POSTED: Monday, July 9, 2012 - 10:00am
UPDATED: Monday, July 9, 2012 - 10:14am
(CNN) — Mitt Romney's presidential campaign announced Monday morning that it and the Republican National Committee combined raised $106.1 million in June and finished the month with $160 million cash on hand.
CNN confirmed last week that the Romney campaign and the RNC raised at least $100 million in June.
The Romney campaign and the RNC, which began joint fundraising in April, when the former Massachusetts governor became the presumptive GOP presidential nominee, brought in $77 in May, out-raising President Barack Obama and the Democratic National Committee that month.
Obama's re-election team has yet to announce their June figures, but last month senior Obama campaign officials predicted that Romney would bring in $100 in June, that they would be out-raised, and that Obama would be the first incumbent president up for re-election who would be out-raised by his opponent.
In an email release, the Romney campaign said that 94% of all the donations received last month were $250 or less, adding up to $22.3 million, which is just over a fifth of all money raised in June.
"This month's fundraising is a statement from voters that they want a change of direction in Washington. Voters of all stripes -- Republicans, Independents, and Democrats -- have made it clear that President Obama has not lived up to the promises of his last campaign," said Romney Victory National Finance Chairman Spencer Zwick in a statement.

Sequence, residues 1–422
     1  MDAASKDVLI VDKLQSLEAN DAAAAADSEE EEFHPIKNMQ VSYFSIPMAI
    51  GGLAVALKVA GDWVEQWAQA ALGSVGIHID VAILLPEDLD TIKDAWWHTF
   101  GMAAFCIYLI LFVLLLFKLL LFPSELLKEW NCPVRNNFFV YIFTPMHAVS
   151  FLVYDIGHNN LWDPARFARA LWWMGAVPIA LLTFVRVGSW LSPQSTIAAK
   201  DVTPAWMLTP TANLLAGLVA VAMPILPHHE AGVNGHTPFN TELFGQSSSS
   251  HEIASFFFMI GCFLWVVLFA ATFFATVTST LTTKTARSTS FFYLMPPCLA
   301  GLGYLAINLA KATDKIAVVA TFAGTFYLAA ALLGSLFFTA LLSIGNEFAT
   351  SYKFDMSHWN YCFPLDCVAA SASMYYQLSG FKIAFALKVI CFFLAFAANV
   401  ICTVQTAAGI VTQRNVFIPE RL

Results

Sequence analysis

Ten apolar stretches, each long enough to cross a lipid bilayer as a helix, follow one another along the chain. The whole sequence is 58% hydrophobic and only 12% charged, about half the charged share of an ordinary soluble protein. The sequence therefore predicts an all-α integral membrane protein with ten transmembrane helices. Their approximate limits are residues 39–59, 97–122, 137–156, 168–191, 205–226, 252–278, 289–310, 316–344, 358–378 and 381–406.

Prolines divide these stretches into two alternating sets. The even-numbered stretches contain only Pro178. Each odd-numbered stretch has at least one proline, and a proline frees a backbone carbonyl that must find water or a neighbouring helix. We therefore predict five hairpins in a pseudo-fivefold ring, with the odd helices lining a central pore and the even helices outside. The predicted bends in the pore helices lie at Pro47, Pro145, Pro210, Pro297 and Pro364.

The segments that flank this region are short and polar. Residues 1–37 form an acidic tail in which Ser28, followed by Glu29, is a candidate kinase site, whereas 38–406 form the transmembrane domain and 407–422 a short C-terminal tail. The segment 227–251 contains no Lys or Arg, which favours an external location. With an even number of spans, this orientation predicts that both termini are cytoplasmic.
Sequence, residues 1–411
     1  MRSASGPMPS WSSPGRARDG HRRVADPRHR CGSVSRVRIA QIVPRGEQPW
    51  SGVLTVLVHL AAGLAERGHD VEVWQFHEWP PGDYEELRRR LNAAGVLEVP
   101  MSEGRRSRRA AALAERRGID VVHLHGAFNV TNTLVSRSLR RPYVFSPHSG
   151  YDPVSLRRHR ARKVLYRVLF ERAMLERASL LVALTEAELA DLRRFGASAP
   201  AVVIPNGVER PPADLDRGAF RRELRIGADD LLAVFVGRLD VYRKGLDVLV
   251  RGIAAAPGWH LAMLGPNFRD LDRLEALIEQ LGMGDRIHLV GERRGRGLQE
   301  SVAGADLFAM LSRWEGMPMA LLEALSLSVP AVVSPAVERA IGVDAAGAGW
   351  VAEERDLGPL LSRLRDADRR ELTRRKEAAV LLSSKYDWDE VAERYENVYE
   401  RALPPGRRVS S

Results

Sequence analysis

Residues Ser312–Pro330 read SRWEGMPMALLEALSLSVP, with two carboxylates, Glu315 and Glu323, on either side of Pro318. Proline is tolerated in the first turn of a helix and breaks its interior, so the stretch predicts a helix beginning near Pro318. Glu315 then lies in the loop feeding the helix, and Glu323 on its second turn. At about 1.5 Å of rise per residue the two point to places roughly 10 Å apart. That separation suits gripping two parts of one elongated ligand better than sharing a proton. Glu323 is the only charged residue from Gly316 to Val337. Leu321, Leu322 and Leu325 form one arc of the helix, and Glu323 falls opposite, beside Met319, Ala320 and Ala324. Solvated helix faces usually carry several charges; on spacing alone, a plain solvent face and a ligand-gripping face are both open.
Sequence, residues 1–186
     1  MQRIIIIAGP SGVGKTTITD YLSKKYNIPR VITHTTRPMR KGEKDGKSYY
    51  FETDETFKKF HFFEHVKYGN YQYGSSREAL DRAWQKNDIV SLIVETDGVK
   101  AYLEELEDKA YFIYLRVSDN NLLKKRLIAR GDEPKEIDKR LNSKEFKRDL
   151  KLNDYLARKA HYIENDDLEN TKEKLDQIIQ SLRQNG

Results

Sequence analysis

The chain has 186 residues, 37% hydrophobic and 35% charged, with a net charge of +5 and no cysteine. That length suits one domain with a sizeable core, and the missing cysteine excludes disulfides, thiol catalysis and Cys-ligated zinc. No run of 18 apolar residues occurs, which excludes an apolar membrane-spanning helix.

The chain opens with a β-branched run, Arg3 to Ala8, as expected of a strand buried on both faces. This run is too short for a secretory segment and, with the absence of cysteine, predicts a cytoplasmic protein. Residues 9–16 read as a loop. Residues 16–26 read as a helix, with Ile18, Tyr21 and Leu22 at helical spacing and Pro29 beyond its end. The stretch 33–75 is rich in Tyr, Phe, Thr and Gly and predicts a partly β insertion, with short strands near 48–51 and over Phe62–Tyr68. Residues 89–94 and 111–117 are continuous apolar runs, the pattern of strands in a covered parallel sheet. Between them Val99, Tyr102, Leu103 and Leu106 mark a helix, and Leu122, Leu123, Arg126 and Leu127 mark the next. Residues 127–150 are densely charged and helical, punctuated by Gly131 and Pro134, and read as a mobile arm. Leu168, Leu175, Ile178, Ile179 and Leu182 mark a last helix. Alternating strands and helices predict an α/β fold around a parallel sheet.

"Our June fundraising is a sign that voters are fed up with President Obama's failure to fix our economy and want a change of direction," added Republican National Committee Chairman Reince Priebus. "While President Obama thinks that the private sector is 'doing fine,' millions of Americans are struggling to find work, pay their bills and stay in their homes. President Obama is clearly in over his head and Americans deserve better."
Fund-raising figures are considered a barometer of a campaign's strength, and much of the money goes towards paying for TV ads, get-out-the-vote efforts, and travel to allow a candidate to meet with voters.
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By Paul Steinhauser
CNN Political Editor